Here’s hoping you didn’t miss the third period of the Rangers’ eventual 6-3 win against the Sabres.
When Derick Brassard made it 3-1 early in the final frame, it seemed like the Rangers might sleepwalk through a win. They did win … but not before a Sabres-fueled scare.
Jack Eichel made some brilliant plays to set up two Zemgus Girgensons goals a little mroe than a minute apart, and all of a sudden, it was 3-3.
To New York’s credit, they responded to that bold push by Buffalo, as J.T. Miller scored another game-winner just a minute after Girgensons tied it up.
The margin expanded with a pretty power-play goal and an empty-netter to finish with that 6-3 margin, and now the Rangers can breathe a sigh of relief heading into the All-Star break.
While Buffalo lost – and let’s face it, maybe that’s for the best for a team in the East’s cellar – they also made a decent argument that these contests will be closer in the not-too-distant future.
Derick Brassard earned “The Broadway Hat,” and deservedly so, as he scored two goals and three assists.
You know things are bad when a center-ice goal just provides a brief bit of joy.
The Montreal Canadiens stopped the bleeding from their troubling losing streak on Saturday, yet that shootout win only provided momentary relief.
They fell back down tonight, dropping a 5-2 loss to the banged-up Columbus Blue Jackets, who don’t even have a healthy head coach.
It’s just been that sort of stretch for Montreal. Since a 3-2 loss to the Capitals on Dec. 3, the Habs have hobbled to a 5-17-1 record.
That’s truly one of those double-take deals, as Montreal only has three wins (and has only generate seven standings points) so far in 2016.
The game was tied 2-2 heading into the third, but Columbus bounced back from that embarrassing goal. Brandon Saad scored the game-winner and added an empty-netter while dog-winner Cam Atkinson grabbed a hat trick.
In about 11 minutes, it went from a possible confidence-builder to an embarrassing night for Montreal, who will turn around and host Columbus tomorrow.
Things are so ugly, you almost wonder about Michel Therrien as the All-Star break nears … but hey, he does have the vote of confidence, right?
There’s a racket going on in NHL arenas lately.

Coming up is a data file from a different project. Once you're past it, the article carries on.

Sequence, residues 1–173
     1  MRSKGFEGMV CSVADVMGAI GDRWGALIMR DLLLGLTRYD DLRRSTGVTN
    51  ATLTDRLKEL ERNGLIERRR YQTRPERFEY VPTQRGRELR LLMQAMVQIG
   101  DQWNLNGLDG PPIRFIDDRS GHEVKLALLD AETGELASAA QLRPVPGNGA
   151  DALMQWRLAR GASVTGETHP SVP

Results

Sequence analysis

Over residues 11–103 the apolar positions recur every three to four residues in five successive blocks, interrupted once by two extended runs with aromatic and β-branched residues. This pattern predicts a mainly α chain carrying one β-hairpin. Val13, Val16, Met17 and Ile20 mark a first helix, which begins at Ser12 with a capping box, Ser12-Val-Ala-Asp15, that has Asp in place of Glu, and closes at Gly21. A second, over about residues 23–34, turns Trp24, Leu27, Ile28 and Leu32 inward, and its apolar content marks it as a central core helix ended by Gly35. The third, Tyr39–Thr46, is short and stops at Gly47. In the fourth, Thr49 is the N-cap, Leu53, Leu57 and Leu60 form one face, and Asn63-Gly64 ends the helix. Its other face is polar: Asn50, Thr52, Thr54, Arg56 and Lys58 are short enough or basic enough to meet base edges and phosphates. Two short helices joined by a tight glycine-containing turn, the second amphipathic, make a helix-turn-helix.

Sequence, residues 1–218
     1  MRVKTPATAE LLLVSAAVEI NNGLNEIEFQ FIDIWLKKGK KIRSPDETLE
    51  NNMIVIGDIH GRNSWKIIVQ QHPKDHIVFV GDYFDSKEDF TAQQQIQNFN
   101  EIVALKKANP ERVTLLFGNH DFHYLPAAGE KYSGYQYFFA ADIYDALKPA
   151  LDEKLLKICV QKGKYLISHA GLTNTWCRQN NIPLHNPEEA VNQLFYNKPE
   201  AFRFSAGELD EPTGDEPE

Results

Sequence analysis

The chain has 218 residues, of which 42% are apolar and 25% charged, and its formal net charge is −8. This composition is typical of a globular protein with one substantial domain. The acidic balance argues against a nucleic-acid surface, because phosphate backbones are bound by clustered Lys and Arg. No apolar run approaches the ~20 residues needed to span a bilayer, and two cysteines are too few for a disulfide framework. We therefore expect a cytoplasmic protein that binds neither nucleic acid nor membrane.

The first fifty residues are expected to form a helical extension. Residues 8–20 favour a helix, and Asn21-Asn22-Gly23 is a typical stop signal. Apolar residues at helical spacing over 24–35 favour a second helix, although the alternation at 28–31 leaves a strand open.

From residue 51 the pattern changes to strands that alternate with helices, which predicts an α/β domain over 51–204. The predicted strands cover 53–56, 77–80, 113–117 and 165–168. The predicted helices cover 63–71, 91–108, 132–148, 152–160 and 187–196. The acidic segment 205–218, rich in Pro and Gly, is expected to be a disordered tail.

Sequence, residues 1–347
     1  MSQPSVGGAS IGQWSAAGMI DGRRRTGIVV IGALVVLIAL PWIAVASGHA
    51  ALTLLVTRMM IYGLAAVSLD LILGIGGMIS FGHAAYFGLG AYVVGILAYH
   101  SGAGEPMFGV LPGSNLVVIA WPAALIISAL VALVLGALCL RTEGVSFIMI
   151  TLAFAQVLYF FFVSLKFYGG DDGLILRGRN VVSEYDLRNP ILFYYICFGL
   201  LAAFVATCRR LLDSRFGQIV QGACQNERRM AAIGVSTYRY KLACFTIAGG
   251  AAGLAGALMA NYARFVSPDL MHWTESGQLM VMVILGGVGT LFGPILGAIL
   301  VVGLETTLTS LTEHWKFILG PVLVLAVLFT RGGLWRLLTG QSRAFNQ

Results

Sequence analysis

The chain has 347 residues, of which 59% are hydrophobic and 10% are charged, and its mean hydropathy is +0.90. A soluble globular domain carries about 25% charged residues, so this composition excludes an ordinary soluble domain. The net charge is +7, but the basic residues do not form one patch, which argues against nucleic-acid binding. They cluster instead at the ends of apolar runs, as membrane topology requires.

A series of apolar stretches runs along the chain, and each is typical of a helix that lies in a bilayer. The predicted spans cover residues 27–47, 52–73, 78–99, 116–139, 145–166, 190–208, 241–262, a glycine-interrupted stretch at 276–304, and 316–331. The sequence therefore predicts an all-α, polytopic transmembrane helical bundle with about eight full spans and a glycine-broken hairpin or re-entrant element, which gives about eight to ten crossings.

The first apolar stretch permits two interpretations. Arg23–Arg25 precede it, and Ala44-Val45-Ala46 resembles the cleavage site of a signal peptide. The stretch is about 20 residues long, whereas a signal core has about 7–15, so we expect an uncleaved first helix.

1. A kid brings a “Player X, score a goal so I can have a doggie”-type sign.
2. Player scores one goal, if not more.
3. Coach and kid high five, presumably.
The question, though, is which entertains you more: a goal that lands a child a cuddly, fluffy beast or a monstrous goal from way downtown?
Tonight’s Columbus Blue Jackets – Montreal Canadiens game provides an example of both.
First, here’s P.K. Subban scoring a long-distance goal:
Then, there’s Cam Atkinson granting a puppy wish, his first tally of two (and maybe counting):
Aside: if Atkinson gets a third goal, is it a dog trick? Did he already generate a DWG (dog-winning goal)? So many questions.
Bobby Ryan innovates with the DWG
Daniel Carr gave the Montreal Canadiens a shot in the arm in his return to the lineup, but that appears to be short-lived.
The Habs announced that Carr won’t return to Monday’s contest against the Columbus Blue Jackets thanks to a lower-body injury.
There isn’t video available of the moment of injury (yet?). Here’s a GIF that makes it look like it could be knee-related:
Ouch. Carr isn’t a major contributor for the Canadiens. Still, this struggling team can use all the help they can get.
Did the Tampa Bay Lightning really offer Steven Stamkos an eight-year, $68 million contract?
We may not know for some time – if ever – but Stamkos isn’t telling. He wasn’t being very forthcoming with the Tampa Bay Tribune on Monday, as you can see.
“Whether it was true or not, there has been a lot said — things that haven’t been true, and people have said things that are true,” Stamkos said. “And you have to make a story when things are not going on. So, all the stuff that we have talked about will stay internal and we’ll go from there.’’
According to many commenters, an $8.5 million annual salary probably wouldn’t be able to lock Stamkos down, even with the familiarity and chance to compete in Tampa Bay.
Chances are, if the years and dollars are right, Stamkos won’t need to be so guarded.
Of course, it could easily take months for that to happen.